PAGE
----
BOSTON -- Gov. Deval Patrick on Friday signed a bill to create "Boston Strong" license plates just days before the running of the first marathon in Boston since last year's bombings.

After a signing ceremony in the State House with the sponsor of the bill Rep. Angelo Puppolo, of Springfield, Registrar Celia Blue and Transportation Secretary Richard Davey, Patrick said he "enthusiastically" signed the bill, which cleared the House and Senate unanimously.

The proceeds from the sales of the $40 license plates will be donated to the One Fund for victims of the marathon bombings.

"It's a marvelous gesture to acknowledge what we all went through, both those who were affected directly and all the rest of us who were affect indirectly and the celebration of Boston Strong, which I believe is an incredible statement of community and the strength of this community and the most enduring lesson to come out of that experience a year ago," Patrick said.

Transportation Secretary Richard Davey expects the plates to be available in the late summer or early fall after MassDOT works with the One Fund to design the image.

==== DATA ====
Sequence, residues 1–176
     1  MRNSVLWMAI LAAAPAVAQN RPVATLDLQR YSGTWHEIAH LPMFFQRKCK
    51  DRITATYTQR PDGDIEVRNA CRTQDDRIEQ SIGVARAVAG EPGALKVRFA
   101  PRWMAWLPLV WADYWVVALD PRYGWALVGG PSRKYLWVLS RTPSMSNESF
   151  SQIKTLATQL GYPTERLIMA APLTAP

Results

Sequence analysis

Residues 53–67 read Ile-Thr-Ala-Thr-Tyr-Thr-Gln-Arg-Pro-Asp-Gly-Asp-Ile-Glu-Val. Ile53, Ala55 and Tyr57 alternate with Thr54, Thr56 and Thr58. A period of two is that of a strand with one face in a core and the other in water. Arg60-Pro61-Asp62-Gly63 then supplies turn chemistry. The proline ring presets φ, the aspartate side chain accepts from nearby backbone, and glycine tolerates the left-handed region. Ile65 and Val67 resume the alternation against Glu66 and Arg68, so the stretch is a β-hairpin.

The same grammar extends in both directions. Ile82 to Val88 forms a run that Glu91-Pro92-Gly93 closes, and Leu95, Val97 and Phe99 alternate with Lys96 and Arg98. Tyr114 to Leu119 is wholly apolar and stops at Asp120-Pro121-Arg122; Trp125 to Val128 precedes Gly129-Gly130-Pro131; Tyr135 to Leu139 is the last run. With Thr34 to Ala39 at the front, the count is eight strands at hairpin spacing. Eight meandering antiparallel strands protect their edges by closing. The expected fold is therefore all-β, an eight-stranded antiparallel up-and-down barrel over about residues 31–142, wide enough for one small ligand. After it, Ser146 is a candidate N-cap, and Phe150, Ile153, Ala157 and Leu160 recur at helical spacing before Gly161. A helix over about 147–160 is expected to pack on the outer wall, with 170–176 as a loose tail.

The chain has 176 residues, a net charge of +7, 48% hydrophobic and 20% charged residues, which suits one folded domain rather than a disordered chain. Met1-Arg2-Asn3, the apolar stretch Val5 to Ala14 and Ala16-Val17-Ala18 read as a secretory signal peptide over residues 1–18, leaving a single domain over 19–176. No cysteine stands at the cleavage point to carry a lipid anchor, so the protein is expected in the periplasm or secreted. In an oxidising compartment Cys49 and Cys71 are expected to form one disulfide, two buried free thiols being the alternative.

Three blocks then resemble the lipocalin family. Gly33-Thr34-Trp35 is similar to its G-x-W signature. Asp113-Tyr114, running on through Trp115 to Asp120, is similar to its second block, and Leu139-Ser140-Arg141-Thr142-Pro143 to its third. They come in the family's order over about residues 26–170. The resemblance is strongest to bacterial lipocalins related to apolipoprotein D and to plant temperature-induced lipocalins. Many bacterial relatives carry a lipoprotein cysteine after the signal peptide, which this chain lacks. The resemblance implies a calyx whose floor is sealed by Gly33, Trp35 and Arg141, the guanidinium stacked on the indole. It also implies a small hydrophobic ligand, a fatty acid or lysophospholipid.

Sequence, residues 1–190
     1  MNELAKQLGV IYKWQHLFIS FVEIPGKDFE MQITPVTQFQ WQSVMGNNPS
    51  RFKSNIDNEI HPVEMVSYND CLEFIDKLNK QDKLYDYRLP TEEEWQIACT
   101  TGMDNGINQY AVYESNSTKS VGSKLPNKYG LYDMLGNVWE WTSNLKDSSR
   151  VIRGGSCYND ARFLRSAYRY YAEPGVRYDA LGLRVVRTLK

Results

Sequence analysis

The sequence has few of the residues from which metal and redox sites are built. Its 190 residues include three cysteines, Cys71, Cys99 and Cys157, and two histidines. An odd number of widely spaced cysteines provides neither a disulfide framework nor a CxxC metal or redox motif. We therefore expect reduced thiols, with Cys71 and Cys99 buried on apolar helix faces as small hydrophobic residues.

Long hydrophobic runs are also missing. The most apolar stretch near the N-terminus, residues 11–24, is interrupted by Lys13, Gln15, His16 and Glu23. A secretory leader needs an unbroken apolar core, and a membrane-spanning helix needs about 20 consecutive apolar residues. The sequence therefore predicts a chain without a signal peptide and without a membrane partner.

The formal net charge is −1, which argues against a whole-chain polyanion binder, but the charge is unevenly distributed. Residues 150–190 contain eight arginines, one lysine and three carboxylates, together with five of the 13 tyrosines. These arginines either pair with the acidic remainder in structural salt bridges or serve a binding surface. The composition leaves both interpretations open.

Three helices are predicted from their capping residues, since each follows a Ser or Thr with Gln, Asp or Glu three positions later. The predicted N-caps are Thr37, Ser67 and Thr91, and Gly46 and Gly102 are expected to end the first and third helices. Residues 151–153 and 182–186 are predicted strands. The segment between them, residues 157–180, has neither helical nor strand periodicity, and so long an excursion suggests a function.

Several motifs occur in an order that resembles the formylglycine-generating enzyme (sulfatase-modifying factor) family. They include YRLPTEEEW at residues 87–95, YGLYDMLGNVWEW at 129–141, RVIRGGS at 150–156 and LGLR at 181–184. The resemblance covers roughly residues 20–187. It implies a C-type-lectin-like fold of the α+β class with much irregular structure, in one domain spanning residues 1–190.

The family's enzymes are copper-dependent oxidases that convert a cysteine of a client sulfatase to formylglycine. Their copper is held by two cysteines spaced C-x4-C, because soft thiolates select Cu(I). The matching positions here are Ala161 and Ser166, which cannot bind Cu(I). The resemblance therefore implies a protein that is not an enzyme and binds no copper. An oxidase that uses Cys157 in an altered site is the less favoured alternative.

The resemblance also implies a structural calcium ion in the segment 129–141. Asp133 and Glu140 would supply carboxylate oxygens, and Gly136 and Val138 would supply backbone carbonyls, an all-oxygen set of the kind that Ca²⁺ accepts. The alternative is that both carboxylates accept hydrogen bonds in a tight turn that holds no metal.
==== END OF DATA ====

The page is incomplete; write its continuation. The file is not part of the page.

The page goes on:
The governor also said he was "incredibly disappointed" by the raid conducted by U.S. Marshalls to shut down the unlicensed, underground Dorchester radio station Touch 106.


1 FM, which has been an outlet for black community voices in Boston. Patrick said his office tried to dissuade the U.S. Attorney's office from taking the action it did to close the station.

"You'd like to think of them bringing more of a problem solving approach. Touch is a pretty important voice in the community. I've been on it many times, and I have tremendous respect for the team over there," Patrick said.

The governor said his attorneys have been in touch with lawyers at the station and his team in Washington, D.C. has reached out to the Federal Communications Commission to try to get the station back on the air.